While there may be in Louisiana persons of different races who are not citizens of the United States, the words in the act, white and colored races, necessarily include all citizens of the United States of both races residing in that State. So that we have before us a state enactment that compels, under penalties, the separation of the two races in railroad passenger coaches, and makes it a crime for a citizen of either race to enter a coach that has been assigned to citi-zens of the other race...

In respect of civil rights, common to all citizens, the Constitution of the United States does not, I think, permit any public authority to know the race of those entitled to be protected in the enjoyment of such rights. Every true man has pride of race, and under appropriate circumstances when the rights of others, his equals before the law, are not to be affected, it is his privilege to express such pride and to take such action based upon it as to him seems proper. But I deny that any legislative body or judicial tribunal may have regard to the race of citizens when the civil rights of those citizens are not involved. Indeed, such legislation, as that here in question, is inconsistent not only with that equality of rights which pertains to citizenship, National and State, but with the personal liberty enjoyed by every one within the United States...

The white race deems itself to be the dominant race in this country. And so it is, in prestige, in achievements, in education, in wealth and in power. So, I doubt not, it will continue to be for all time, if it remains true to its great heritage and holds fast to the principles of constitutional liberty. But in view of the Constitution, in the eye of the law, there is in this country no superior, dominant, ruling class of citizens. There is no caste here. Our Constitution is color-blind, and neither knows nor tolerates classes among citizens. In respect of civil rights, all citizens are equal before the law. The humblest is the peer of the most powerful. The law regards man as man, and takes no account of his surroundings or of his color when his civil rights as guaranteed by the supreme law of the land are involved. It is, therefore, to be regretted that this high tribunal, the final expositor of the fundamental law of the land, has reached the conclusion that it is compe-tent for a State to regulate the enjoyment by citizens of their civil rights solely upon the basis of race.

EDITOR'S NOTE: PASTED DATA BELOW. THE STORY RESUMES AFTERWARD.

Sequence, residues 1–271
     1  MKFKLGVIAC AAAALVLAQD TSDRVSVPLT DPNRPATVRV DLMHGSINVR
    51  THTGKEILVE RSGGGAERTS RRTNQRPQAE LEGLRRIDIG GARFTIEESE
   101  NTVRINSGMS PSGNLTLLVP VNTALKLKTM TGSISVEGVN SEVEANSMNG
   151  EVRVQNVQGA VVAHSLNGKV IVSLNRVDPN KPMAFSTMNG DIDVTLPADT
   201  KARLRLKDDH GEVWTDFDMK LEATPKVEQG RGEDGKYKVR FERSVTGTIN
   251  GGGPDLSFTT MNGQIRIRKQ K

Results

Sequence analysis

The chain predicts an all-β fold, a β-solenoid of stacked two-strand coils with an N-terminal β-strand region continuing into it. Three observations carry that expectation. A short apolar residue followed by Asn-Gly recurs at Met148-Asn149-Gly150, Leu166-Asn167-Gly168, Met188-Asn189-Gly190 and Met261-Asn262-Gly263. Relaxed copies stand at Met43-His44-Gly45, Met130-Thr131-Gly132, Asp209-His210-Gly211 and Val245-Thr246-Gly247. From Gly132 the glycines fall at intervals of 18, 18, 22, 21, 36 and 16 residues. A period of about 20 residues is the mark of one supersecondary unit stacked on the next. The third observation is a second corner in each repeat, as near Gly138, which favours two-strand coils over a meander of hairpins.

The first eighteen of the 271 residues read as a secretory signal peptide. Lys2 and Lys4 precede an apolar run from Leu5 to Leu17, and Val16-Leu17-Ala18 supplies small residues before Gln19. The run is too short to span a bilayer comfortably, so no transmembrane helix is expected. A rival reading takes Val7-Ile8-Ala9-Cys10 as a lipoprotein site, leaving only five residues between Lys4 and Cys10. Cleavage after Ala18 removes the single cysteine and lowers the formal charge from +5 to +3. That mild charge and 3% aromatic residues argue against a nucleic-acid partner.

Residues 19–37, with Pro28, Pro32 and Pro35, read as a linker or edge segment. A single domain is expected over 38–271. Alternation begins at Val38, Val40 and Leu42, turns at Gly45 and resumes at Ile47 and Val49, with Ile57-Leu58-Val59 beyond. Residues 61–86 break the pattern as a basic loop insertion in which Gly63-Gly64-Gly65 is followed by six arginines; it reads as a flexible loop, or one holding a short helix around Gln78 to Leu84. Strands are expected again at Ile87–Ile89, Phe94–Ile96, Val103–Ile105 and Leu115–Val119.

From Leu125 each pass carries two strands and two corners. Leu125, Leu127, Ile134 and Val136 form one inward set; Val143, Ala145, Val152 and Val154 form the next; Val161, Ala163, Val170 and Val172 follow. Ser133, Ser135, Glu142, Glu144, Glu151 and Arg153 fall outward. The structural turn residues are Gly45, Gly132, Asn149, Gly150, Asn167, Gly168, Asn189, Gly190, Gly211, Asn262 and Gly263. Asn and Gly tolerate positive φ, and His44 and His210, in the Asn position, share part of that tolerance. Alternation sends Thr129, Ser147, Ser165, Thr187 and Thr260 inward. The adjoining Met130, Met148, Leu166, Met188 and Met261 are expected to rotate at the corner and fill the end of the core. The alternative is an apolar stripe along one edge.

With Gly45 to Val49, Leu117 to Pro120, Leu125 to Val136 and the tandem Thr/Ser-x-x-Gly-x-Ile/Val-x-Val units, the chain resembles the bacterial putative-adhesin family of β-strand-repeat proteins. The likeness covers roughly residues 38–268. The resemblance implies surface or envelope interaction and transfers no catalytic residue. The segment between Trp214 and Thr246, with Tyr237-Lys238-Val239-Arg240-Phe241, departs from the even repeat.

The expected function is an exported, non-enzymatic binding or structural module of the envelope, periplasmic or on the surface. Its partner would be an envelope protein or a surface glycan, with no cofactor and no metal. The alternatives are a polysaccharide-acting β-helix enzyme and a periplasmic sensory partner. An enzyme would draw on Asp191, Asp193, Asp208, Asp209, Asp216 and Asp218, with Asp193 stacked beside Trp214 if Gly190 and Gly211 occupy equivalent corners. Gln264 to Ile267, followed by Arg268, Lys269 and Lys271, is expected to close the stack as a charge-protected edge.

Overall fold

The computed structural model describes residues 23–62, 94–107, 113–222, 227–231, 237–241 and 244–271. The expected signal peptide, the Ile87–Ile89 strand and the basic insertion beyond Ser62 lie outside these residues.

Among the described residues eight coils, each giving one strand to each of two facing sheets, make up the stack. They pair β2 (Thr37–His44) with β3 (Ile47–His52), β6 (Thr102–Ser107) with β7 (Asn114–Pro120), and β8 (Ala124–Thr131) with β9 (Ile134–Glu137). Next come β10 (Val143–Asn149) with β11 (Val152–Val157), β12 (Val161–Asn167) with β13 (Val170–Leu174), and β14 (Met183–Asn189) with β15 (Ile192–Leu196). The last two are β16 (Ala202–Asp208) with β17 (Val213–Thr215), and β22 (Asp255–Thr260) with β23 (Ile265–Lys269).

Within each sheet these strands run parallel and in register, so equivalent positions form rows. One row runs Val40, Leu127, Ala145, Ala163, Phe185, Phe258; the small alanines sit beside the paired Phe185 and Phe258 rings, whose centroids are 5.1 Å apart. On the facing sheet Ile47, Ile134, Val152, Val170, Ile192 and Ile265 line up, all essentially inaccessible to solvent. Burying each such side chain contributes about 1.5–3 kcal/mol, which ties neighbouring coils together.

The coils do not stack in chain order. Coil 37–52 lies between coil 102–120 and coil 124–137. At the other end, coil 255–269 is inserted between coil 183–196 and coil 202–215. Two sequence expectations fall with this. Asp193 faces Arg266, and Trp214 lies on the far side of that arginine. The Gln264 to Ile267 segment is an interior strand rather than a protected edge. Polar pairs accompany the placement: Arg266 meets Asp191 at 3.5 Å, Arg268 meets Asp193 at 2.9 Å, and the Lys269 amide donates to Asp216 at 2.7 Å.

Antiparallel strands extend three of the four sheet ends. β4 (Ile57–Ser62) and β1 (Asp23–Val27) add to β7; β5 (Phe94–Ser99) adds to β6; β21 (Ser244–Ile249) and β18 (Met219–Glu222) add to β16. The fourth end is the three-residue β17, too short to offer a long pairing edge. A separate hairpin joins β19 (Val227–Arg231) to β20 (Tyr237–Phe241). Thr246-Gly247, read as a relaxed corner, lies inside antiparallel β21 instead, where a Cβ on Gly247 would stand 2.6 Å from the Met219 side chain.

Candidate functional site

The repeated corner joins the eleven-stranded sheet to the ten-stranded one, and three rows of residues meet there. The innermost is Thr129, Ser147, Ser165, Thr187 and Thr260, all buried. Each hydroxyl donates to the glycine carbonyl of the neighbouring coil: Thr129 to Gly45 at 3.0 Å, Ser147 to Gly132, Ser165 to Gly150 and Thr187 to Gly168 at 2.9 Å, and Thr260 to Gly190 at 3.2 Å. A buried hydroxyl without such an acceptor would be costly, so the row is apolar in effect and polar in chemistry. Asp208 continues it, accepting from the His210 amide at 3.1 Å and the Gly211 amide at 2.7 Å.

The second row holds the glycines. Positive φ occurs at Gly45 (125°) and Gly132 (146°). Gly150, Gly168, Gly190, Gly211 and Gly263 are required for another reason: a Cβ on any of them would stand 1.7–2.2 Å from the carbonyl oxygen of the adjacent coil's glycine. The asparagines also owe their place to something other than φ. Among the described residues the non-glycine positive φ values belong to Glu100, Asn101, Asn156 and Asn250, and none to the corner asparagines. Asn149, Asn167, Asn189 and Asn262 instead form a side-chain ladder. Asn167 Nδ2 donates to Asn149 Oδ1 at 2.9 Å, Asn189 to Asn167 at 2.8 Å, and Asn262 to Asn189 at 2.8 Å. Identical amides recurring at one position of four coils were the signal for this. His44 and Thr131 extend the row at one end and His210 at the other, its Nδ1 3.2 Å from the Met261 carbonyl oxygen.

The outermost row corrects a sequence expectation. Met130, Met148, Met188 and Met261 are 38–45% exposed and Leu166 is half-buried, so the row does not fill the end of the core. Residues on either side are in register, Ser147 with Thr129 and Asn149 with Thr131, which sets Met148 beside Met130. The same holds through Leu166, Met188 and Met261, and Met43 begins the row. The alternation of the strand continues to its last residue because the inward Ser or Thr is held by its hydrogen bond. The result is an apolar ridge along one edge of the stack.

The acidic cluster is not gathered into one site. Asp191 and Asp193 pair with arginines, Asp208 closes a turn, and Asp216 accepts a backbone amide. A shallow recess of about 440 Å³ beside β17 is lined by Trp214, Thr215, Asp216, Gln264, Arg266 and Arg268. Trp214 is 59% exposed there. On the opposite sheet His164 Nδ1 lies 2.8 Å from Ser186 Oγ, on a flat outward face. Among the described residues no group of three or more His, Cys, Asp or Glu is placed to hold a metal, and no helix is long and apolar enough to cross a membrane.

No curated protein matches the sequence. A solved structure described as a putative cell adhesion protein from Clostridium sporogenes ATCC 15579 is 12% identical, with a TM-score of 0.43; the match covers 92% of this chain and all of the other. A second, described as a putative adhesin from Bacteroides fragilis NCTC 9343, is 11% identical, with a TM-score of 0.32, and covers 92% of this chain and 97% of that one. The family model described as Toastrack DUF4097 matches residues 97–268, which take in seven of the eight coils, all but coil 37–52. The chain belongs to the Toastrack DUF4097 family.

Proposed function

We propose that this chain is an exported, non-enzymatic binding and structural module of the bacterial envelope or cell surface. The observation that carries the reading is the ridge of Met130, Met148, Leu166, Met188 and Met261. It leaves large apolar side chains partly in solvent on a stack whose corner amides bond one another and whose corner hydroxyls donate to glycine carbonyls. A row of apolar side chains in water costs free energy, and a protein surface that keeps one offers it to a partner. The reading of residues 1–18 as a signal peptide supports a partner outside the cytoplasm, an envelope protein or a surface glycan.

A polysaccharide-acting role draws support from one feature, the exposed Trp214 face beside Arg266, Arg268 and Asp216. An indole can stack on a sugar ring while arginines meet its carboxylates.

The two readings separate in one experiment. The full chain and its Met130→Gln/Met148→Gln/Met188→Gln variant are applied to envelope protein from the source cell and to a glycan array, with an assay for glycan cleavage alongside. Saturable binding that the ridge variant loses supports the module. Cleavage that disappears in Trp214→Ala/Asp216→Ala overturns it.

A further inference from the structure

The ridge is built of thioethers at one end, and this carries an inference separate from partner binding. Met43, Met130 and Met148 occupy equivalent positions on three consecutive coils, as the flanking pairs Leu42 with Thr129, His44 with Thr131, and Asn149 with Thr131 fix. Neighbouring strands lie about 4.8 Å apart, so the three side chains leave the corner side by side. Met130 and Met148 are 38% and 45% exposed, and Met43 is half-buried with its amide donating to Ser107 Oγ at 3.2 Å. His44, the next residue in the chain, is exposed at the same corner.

In my opinion, the judgment this day rendered will, in time, prove to be quite as pernicious as the decision made by this tribunal in the Dred Scott case...The present decision, it may well be apprehended, will not only stimulate aggressions, more or less brutal and irritating, upon the admitted rights of colored citizens, but will encourage the belief that it is possible, by means of state enactments, to defeat the beneficent purposes which the people of the United States had in view when they adopted the recent amendments of the Constitution, by one of which the blacks of this country were made citizens of the United States and of the States in which they respectively reside, and whose privileges and immunities, as citizens, the States are forbidden to abridge. Sixty millions of whites are in no danger from the presence here of eight millions of blacks. The destinies of the two races, in this country, are indissolubly linked together, and the interests of both require that the common government of all shall not permit the seeds of race hate to be planted under the sanction of law. What can more certainly arouse race hate, what more certainly create and perpetuate a feeling of distrust between these races, than state enactments, which, in fact, proceed on the ground that colored citizens are so inferior and degraded that they cannot be allowed to sit in public coaches occupied by white citizens? That, as all will admit, is the real meaning of such legislation as was enacted in Louisiana...

If evils will result from the commingling of the two races upon public highways established for the benefit of all, they will be infinitely less than those that will surely come from state legislation regulating the enjoyment of civil rights upon the basis of race. We boast of the freedom enjoyed by our people above all other peoples. But it is difficult to reconcile that boast with a state of the law which, practically, puts the brand of servitude and degradation upon a large class of our fellow-citizens, our equals before the law...

I am of opinion that the statute of Louisiana is inconsistent with the personal liberty of citizens, white and black, in that State, and hostile to both the spirit and letter of the Constitution of the United States. If laws of like character should be enacted in the several States of the Union, the effect would be in the highest degree mischievous. Slavery, as an institution tolerated by law would, it is true, have disappeared from our country, but there would remain a power in the States, by sinister legislation, to interfere with the full enjoyment of the blessings of freedom; to regulate civil rights, common to all citizens upon the basis of race; and to place in a condition of legal inferiority a large body of American citizens, now constituting a part of the political community called the People of the United States, for whom, and by whom through representatives, our government is administered.

Source: US Department of State
163 U.S. 537 (1896).

Learning Lnks

Lesson Plan
Plessy v. Ferguson (1896)
Source: Supreme Court Historical Society

From Jim Crow To Linda Brown: A Retrospective of the African-American Experience from 1897 to 1953.
Source: Library of Congress
Agnes Dunn and Eric Powell
Stafford County (Virginia) Public Schools